Our neighbor is putting up an ugly addition, and we would like to screen it
with something evergreen ASAP. It doesn't have to be more than 12-13ft, but
it would sure be nice to have it get to a functional size fast, not in 10
or 20 years.
We also don't have much distance between the houses, so it can't be a very
deep screen, i.e. the plants have to be narrow.
Any suggestions would be very gratefully received.
It would help readers to know your location and conditions (soil, sun,
moisture, etc). Sorry I don't have any suggestions other than a
privacy fence. I've seen some ugly fences in addition to ugly
I had a similar problem and used Rose of Sharon which grows fast and
narrow, although it is deciduous and I don't use the backyard much
during the winter anyway. I planted each plant just far apart so that
the mower fits between them. After five years, it grew over 8 feet
tall, blooms in summer, attracts hummingbirds, and seems to attract
ladybugs. The space between the plants has now filled in with young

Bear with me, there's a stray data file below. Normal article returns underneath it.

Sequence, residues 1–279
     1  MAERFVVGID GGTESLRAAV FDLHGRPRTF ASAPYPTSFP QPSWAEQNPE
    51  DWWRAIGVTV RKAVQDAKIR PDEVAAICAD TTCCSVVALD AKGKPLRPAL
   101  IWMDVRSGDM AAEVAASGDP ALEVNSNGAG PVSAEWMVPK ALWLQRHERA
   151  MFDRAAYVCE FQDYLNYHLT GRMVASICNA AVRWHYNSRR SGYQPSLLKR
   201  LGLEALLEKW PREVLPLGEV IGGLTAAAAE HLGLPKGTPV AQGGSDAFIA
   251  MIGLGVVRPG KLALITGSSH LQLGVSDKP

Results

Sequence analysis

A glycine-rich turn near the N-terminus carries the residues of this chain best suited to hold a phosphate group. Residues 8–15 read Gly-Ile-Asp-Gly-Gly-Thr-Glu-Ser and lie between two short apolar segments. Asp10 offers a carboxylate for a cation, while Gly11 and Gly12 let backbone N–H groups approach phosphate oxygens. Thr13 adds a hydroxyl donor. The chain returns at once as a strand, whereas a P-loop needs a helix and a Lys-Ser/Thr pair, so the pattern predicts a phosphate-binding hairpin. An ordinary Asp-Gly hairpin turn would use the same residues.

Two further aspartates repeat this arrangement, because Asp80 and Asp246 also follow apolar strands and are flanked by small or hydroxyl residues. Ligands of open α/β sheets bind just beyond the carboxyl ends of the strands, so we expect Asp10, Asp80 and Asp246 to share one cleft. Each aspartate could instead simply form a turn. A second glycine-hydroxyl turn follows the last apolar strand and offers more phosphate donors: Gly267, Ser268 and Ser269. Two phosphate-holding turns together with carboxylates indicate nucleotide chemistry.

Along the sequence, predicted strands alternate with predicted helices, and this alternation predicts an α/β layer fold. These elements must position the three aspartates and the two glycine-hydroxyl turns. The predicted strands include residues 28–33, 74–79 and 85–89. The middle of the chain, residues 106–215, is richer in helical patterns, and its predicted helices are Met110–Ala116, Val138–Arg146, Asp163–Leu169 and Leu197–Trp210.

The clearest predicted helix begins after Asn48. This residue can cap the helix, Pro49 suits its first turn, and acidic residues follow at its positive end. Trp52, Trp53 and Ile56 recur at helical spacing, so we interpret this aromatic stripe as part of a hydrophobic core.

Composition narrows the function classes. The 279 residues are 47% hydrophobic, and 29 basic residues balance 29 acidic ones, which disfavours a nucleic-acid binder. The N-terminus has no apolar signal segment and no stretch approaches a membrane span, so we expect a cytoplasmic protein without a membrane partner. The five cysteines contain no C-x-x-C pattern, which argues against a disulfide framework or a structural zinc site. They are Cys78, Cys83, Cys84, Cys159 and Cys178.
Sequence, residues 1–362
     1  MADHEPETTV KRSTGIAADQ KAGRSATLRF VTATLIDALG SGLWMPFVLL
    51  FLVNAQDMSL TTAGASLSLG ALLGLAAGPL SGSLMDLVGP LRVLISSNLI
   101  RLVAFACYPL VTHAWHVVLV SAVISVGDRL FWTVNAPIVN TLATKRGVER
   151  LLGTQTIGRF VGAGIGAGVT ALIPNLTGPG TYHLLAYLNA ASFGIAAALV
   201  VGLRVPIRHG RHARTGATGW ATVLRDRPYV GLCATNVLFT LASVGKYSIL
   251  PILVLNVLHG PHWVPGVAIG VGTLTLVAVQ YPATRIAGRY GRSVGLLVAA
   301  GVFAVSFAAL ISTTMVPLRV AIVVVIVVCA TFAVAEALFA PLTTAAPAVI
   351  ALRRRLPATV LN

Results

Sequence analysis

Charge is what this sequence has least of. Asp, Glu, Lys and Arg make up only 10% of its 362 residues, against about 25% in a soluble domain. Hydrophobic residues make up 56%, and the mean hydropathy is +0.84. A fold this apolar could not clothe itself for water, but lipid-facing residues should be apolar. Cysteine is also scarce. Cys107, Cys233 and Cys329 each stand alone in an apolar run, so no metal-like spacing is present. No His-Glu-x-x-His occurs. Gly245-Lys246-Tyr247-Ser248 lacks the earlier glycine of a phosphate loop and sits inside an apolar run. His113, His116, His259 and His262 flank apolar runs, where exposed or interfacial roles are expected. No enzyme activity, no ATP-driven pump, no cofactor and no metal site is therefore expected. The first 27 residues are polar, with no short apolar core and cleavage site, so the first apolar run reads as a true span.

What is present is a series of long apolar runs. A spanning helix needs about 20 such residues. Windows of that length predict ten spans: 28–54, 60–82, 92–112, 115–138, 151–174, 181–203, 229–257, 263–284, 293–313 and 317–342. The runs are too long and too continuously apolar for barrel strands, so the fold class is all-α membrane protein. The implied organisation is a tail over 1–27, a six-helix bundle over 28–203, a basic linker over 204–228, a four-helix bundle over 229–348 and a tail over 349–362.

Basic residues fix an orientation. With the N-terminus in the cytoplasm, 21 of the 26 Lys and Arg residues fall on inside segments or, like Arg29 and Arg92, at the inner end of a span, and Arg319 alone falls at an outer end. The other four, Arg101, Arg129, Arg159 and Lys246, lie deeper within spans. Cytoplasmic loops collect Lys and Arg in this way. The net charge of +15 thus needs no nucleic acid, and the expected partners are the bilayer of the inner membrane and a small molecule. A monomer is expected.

plants and instead of mowing, they are mulched. It is trimmed every
fall. Another neighbor put up an ugly shed and it is masked from view
with forsythia, but this plant uses lots of space.
A rose of sharon hedge would be just so great.Have you multiple varieties
in the hedge? What varieties? I have the common blue one which suckers &
spreads very fast, & a sterile pink one that is more compact & doesn't
spread. I've seen them in other folks yards, some of them twelve or more
feet tall, floppy, & with enormous flowers; I don't think mine would get
that big even if I didn't prune them. They certainly grow fast.
-paghat thte ratgirl
"Of what are you afraid, my child?" inquired the kindly teacher.
"Oh, sir! The flowers, they are wild," replied the timid creature.
On Sun, 25 Apr 2004 12:07:47 -0800, snipped-for-privacy@netscapeSPAM-ME-NOT.net
I'm not sure about the variety. The flowers are about 3" and are
various colors, although all came from the same source. I got them
from my mother who lived in Cleveland, Ohio, but they grow great in
hot-and-humid east Tennessee. Pruning them helps make them bushy and
more formal looking. They produce a lot of seed pods, which is when I
prune them back. The seeds that sprout in the lawn get mowed and
eventually die. They are tough plants. In another location I have a
hibiscus that dies completely to the ground, then comes up in late
spring and produces huge 12" round tropical-like flowers, some folks
call them "dinner-plate hibiscus."
Arborvitae would work well as long as they are in a sunny location. Most
are slow growers, but you shouldn't have a problem finding some that are
already six feet tall or so. Do a little reasearch on the varieties
before buying. http://www.bachmans.com/tipsheets/Woodies/Arborvitae.cfm
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